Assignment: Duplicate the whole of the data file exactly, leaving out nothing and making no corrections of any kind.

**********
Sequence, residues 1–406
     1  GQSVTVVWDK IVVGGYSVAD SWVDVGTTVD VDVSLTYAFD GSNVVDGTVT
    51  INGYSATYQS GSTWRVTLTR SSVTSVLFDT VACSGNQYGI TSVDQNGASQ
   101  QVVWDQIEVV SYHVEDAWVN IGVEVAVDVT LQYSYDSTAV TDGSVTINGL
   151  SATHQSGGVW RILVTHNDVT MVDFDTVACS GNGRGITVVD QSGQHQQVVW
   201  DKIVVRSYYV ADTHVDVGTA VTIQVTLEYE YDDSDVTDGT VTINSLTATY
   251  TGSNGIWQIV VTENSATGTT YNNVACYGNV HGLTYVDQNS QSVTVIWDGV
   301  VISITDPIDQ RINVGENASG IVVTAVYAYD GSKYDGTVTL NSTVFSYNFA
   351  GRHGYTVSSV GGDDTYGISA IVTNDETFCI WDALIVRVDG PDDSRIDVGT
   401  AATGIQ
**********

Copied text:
Sequence, residues 1–406
     1  GQSVTVVWDK IVVGGYSVAD SWVDVGTTVD VDVSLTYAFD GSNVVDGTVT
    51  INGYSATYQS GSTWRVTLTR SSVTSVLFDT VACSGNQYGI TSVDQNGASQ
   101  QVVWDQIEVV SYHVEDAWVN IGVEVAVDVT LQYSYDSTAV TDGSVTINGL
   151  SATHQSGGVW RILVTHNDVT MVDFDTVACS GNGRGITVVD QSGQHQQVVW
   201  DKIVVRSYYV ADTHVDVGTA VTIQVTLEYE YDDSDVTDGT VTINSLTATY
   251  TGSNGIWQIV VTENSATGTT YNNVACYGNV HGLTYVDQNS QSVTVIWDGV
   301  VISITDPIDQ RINVGENASG IVVTAVYAYD GSKYDGTVTL NSTVFSYNFA
   351  GRHGYTVSSV GGDDTYGISA IVTNDETFCI WDALIVRVDG PDDSRIDVGT
   401  AATGIQ